After Decommiting from Rutgers, Goodman Hopes to Move Forward | Zagsblog
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Wednesday / August 17.
  • After Decommiting from Rutgers, Goodman Hopes to Move Forward

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    Jordan Goodman, a 6-foot-10, 215-pound power forward with pro potential, has decommitted from Rutgers for the Class of 2012.

    Jordan and his father, Deon Goodman, wanted to make it clear that they hope to maintain a positive relationship with Rutgers associate head coach David Cox, who recruited Jordan.

    “It’s a friendly, mutual separation because we want to look at some other options right now,” Deon said by phone. “Jordan had a relationship with Dave Cox that goes back to when he lived in Maryland. We have all the respect in the world for David Cox.

    “We just want to open up other avenues and find a different scenario for Jordan to be in.”

    Jordan, an 18-year-old rising senior at Arlington (Fla.) Country Day and a product of the DC Assault AAU program, said he’s still considering Rutgers, as well as Arizona and Maryland, which recently hired Dalonte Hill as an assistant under new coach Mark Turgeon.

    “I wanted to open up my options, see what’s going on for next year,” Jordan said. “Maryland will be one of our options as of right now. They’re not a top right now, but they’re still on the radar.”

    As for Rutgers, which recently added transfer Wally Judge for 2012, he said, “Yeah, they’re still on there. I just wanted to open it up and weigh my options.”

    Todd Washington, who is mentoring Jordan, said Arizona assistant Joe Pasternack had also reached out.

    Jordan, Deon and Washington all emphasized that Jordan is working on transforming himself in a number of areas, and is working on his academics as well as speaking to a sports psychologist.

    “I want to prove to everybody that I changed, that I’m a better person than what my appearance may bring or how I act,” Jordan said.

    He said he may also cut his dreadlocks to alter his image.

    “He realizes more importantly that perception and image are important,” Washington said. “He recognizes that people don’t know him and if he doesn’t talk to people, they’re just going to make assumptions. And typically when people assume things, they assume incorrectly.”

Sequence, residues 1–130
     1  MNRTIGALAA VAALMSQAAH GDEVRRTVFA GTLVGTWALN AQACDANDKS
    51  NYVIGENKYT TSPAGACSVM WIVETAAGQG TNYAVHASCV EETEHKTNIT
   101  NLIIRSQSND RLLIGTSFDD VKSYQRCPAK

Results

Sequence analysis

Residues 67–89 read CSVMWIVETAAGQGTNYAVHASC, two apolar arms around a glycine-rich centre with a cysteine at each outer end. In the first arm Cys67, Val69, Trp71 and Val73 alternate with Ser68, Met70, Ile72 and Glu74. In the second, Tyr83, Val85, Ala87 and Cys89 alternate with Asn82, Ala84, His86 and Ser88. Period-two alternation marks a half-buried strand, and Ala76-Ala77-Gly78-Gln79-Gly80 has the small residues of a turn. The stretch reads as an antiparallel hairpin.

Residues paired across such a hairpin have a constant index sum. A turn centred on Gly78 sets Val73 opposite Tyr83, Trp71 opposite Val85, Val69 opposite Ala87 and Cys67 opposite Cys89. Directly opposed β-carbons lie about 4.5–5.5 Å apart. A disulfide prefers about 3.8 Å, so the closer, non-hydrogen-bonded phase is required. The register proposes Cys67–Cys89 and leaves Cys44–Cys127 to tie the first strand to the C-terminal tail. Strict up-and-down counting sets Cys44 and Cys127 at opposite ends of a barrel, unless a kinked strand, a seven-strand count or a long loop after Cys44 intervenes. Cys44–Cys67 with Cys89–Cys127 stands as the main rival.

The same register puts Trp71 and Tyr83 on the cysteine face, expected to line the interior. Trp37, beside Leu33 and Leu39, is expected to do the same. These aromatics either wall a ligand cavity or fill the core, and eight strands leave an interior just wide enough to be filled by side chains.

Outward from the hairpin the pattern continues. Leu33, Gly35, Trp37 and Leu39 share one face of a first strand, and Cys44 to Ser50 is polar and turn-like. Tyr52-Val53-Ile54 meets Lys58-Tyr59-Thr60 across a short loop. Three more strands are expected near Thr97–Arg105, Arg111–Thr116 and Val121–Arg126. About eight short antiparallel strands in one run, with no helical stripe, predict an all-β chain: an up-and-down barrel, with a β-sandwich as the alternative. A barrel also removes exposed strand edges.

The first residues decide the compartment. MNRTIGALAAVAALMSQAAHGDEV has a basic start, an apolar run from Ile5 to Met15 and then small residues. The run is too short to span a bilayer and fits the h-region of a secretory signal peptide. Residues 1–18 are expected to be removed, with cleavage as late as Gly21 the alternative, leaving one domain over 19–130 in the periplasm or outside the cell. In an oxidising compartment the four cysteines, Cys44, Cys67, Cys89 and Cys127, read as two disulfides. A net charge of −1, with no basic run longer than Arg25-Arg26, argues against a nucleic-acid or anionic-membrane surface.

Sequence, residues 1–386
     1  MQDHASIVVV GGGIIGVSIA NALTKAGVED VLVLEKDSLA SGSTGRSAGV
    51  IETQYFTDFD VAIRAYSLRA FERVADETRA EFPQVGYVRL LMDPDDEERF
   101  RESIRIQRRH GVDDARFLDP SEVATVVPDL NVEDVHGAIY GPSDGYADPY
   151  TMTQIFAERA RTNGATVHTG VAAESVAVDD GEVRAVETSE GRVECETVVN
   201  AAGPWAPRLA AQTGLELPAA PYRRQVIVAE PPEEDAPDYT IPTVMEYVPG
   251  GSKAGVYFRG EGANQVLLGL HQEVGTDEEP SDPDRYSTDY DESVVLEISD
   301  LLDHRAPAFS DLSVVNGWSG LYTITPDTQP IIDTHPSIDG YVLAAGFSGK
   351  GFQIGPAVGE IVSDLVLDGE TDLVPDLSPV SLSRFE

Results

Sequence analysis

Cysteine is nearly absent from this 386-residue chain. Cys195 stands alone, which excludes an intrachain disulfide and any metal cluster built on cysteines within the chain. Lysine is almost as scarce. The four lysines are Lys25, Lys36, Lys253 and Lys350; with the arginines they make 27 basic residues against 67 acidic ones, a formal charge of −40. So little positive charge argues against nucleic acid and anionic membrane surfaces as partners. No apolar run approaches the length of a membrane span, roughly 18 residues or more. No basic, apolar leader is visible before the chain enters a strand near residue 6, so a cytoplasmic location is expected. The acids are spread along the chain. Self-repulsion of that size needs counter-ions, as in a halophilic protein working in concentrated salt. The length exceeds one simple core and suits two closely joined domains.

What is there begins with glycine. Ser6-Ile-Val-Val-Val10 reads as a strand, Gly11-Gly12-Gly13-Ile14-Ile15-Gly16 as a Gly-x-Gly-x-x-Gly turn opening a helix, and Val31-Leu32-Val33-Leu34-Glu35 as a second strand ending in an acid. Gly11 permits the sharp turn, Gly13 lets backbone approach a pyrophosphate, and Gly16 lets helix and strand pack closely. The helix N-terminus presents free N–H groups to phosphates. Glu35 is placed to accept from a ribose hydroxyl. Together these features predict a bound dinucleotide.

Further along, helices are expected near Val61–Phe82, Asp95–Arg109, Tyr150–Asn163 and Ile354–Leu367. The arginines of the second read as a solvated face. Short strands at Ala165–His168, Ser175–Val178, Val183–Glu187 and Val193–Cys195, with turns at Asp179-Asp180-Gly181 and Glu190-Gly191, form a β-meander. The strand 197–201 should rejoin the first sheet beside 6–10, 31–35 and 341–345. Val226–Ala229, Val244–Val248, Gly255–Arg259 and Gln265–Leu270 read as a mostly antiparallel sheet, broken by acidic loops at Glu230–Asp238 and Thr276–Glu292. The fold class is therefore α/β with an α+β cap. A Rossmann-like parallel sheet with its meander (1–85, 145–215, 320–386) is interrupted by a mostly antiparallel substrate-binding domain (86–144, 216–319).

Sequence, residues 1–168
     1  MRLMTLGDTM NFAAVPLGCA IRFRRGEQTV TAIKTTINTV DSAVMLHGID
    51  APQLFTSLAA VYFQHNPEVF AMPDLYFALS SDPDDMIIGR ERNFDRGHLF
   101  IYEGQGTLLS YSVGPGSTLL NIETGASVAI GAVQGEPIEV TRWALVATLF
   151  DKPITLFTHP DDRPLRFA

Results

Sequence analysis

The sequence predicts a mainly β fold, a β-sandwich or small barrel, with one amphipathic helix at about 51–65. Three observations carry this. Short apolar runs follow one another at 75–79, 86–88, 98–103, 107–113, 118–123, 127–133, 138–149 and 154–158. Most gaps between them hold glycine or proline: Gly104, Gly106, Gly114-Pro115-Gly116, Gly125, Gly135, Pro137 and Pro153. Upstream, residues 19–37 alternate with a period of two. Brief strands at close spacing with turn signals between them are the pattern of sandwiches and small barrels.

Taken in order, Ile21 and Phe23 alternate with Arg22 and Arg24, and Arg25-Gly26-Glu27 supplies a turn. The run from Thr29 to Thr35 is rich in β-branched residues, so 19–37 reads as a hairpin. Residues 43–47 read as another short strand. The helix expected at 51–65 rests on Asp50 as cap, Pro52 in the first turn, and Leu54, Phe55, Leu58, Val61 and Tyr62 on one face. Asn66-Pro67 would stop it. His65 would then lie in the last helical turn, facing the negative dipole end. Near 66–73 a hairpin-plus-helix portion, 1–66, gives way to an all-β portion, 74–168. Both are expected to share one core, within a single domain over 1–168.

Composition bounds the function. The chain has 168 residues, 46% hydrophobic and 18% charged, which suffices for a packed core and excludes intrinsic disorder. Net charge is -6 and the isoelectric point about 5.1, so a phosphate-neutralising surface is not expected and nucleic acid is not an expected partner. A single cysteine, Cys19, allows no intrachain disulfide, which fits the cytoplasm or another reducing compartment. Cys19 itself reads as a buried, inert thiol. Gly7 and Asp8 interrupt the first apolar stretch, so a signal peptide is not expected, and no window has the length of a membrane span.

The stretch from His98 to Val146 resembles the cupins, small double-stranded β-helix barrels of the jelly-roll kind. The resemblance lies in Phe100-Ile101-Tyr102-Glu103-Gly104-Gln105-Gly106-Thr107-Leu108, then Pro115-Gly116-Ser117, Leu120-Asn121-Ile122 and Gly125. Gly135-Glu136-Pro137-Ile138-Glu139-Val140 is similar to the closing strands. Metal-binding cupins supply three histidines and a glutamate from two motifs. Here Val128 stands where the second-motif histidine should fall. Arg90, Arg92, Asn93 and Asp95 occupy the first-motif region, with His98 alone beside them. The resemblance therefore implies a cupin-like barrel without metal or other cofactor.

As far as Jordan’s academics, his father said, “We’re working on making sure he qualifies.”

    Goodman has endured a traumatic life.

    When he was 11, his best friend, Joel Dildersleeve, died in a car crash when the two were returning from the movies. Joel’s older brother was reportedly driving and the car skidded on a wet road, collided with an oncoming vehicle and flipped into the woods.

    “They say on impact of the car accident, he broke his neck,” said Goodman, who reportedly ended up in a full lower-body cast for two months.

    Three years later, his mother, Lorraine Chaney, died suddenly when he was 14.

    “Now I look at them as motivation,” Goodman said of the deaths. “When I was younger, I felt as though the world was against me or God did it on purpose. But now I see he put me through this for a bigger picture and now I just use it as motivation. Everything in general is a big motivation to me now.”

    He has been speaking with Dr. Joe Carr, a Washington-based sports psychologist who has worked with LeBron James, Carmelo Anthony and several NBA teams.

    “He was a big part of my maturity, especially when I was younger and a lot of my problems were growing bigger as time went on,” Goodman said. “He taught me how to deal with different kinds of issues, like if schoolwork wasn’t going right, like you ain’t got no money today. He just taught me how to handle them and turn it around.”

    Goodman said he remains close with his father and also pointed to his brother, Chico Speight, as a role model.

    “He tells me the real street stuff, everything to keep my head on straight,” Goodman said. “Pretty much how to be a man besides what my father teach[es] me, and I just want everybody to know about him also.”

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    Adam Zagoria is a Basketball Insider who covers basketball at all levels. A contributor to The New York Times and SportsNet New York (SNY), he is also the author of two books and is an award-winning journalist and filmmaker. His articles have appeared in ESPN The Magazine, SLAM, Sheridan Hoops, Basketball Times and in newspapers nationwide. He also won an Emmy award for his work on the SNY mini-documentary on Syracuse guard Tyus Battle. A veteran Ultimate Frisbee player, he has competed in numerous National and World Championships and, perhaps more importantly, his teams won the Westchester Summer League (WSL) championships in 2011 and 2013. He lives in Manhattan with his wife and children.